Posted for a friend:
My journey of self discovery as a queer person has been slow and arduous, hobbled by the shame and guilt drilled into all of us who grew up on the Hof. Bodies, sexual interest, exploring one’s self, I remember all of those things being taboo. Either completely ignored, or villainized. It took me years of mentally and physically punishing myself for having urges, or daring to act on them, before I could outrun all of that guilt, all of that shame. And I only experienced it for a relative few years of my life. But now that I’ve left all of that behind me, now that my brain has developed, now that I’ve left any semblance of organized religion in my past, I’ve been able, over the past 5 years, to figure out who I actually am. And wonderfully, I’ve learned that who I am is who I’m made to be, and that I’m worth loving.
I think I came to this place by very deliberately and very thoroughly pruning away what I grew up believing, one poisonous branch at a time. First went the belief that sexuality is something to fear. Then went the conviction that only married people should share their bodies. Then off came the gnarly, prickly branch that said that anything other than man and woman was abhorrent. I spent several years exploring my gender identity and expression, and finally managed to unwind the binary vine that was choking me to death. Ultimately, I established for myself that my body reflects my mind, but I freed myself in that process to grow and develop and evolve, which is what people do all through their lives.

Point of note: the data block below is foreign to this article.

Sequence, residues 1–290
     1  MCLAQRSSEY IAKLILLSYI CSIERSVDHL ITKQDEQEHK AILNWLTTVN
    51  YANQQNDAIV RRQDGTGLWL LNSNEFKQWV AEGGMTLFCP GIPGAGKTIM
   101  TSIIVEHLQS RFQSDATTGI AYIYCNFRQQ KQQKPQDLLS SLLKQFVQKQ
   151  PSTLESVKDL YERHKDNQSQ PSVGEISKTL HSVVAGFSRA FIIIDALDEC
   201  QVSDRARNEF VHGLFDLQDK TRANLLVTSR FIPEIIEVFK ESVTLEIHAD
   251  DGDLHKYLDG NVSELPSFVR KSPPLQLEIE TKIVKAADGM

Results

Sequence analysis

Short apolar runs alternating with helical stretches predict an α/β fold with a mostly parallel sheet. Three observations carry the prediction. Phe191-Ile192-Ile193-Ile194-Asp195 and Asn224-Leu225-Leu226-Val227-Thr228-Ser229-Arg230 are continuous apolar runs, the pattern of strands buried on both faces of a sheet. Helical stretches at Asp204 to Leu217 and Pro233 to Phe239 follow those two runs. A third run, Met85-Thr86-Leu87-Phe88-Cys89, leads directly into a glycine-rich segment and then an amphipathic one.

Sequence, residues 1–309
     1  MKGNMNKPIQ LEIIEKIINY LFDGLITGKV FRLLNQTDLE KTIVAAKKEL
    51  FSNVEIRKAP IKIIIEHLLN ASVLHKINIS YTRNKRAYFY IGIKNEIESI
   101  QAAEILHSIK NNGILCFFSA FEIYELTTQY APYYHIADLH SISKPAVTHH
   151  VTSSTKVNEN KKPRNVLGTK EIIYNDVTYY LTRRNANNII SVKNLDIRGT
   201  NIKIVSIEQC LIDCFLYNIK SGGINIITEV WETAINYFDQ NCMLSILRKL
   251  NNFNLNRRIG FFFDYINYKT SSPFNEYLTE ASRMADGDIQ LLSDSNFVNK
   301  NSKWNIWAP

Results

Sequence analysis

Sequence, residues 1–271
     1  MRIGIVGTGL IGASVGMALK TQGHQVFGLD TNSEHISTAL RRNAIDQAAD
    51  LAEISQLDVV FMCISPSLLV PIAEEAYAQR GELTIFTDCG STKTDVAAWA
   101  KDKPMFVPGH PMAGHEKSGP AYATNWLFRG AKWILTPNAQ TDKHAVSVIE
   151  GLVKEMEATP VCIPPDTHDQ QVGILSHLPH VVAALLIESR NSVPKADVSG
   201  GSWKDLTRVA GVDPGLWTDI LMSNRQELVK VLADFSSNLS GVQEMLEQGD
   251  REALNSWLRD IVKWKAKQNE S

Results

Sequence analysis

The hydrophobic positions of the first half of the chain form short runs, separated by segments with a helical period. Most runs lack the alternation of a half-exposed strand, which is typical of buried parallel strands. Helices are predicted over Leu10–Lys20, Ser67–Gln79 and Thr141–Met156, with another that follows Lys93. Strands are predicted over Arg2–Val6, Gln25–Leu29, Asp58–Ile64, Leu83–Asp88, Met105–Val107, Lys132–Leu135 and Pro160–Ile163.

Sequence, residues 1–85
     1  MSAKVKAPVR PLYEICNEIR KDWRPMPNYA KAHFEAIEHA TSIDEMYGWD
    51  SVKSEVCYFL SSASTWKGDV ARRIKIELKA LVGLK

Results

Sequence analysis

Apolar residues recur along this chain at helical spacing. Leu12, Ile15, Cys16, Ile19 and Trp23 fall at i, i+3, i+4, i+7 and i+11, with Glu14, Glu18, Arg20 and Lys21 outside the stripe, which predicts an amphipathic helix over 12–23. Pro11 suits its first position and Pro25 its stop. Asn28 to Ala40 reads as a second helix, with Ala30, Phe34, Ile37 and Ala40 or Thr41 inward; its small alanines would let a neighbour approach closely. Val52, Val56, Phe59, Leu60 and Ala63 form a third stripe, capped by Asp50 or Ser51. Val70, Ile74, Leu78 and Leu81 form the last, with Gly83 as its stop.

Here I am, now, nearly 20 years gone from the Bruderhof, and finally able to love and accept myself for who I am: a queer woman, capable of loving people of any and all gender identities and expressions, choosing to share my life with a wonderful woman, leaving ourselves open to loving others as well. Here I am, able to demonstrate to my child that there is no “normal,” there is no “right way” to be a person, there is no “good” way to love. I don’t believe in God or gods. I don’t believe in souls. I don’t believe in any myths or mysticism. But love, in every expression, is sacred to me. Love is holy to me. Sharing your life, your heart, your hopes and fears and flaws and failures, cherishing those of others, that is love, and that is more powerful and meaningful to me than any sermon or scripture. So I’ve crawled out of a place of shame and self-loathing, and discovered that I can love myself, and out of that, I can love others infinitely.
It is painful, it is a huge challenge, it is exhausting to escape what was inflicted on us as children. It takes years, or decades, or a lifetime to leave those burdens behind, and to replace them with the things that you want to carry. But it is possible, and it is so worth the struggle.